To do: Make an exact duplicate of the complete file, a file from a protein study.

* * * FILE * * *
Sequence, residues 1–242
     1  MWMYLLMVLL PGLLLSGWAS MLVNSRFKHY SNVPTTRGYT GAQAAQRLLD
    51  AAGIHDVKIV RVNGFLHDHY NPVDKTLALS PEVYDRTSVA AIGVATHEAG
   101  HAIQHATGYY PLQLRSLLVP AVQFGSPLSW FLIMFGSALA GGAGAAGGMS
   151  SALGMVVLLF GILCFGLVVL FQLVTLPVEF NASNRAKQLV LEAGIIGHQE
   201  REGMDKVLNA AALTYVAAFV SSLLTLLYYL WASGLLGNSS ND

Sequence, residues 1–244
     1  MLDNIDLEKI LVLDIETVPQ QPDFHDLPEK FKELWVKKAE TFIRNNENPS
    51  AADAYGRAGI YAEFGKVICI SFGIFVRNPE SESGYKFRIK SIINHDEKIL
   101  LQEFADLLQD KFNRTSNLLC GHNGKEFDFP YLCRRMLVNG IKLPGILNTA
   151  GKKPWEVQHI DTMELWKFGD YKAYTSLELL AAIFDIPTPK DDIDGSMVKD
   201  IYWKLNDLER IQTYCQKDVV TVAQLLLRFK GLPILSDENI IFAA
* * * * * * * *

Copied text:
Sequence, residues 1–242
     1  MWMYLLMVLL PGLLLSGWAS MLVNSRFKHY SNVPTTRGYT GAQAAQRLLD
    51  AAGIHDVKIV RVNGFLHDHY NPVDKTLALS PEVYDRTSVA AIGVATHEAG
   101  HAIQHATGYY PLQLRSLLVP AVQFGSPLSW FLIMFGSALA GGAGAAGGMS
   151  SALGMVVLLF GILCFGLVVL FQLVTLPVEF NASNRAKQLV LEAGIIGHQE
   201  REGMDKVLNA AALTYVAAFV SSLLTLLYYL WASGLLGNSS ND

Sequence, residues 1–244
     1  MLDNIDLEKI LVLDIETVPQ QPDFHDLPEK FKELWVKKAE TFIRNNENPS
    51  AADAYGRAGI YAEFGKVICI SFGIFVRNPE SESGYKFRIK SIINHDEKIL
   101  LQEFADLLQD KFNRTSNLLC GHNGKEFDFP YLCRRMLVNG IKLPGILNTA
   151  GKKPWEVQHI DTMELWKFGD YKAYTSLELL AAIFDIPTPK DDIDGSMVKD
   201  IYWKLNDLER IQTYCQKDVV TVAQLLLRFK GLPILSDENI IFAA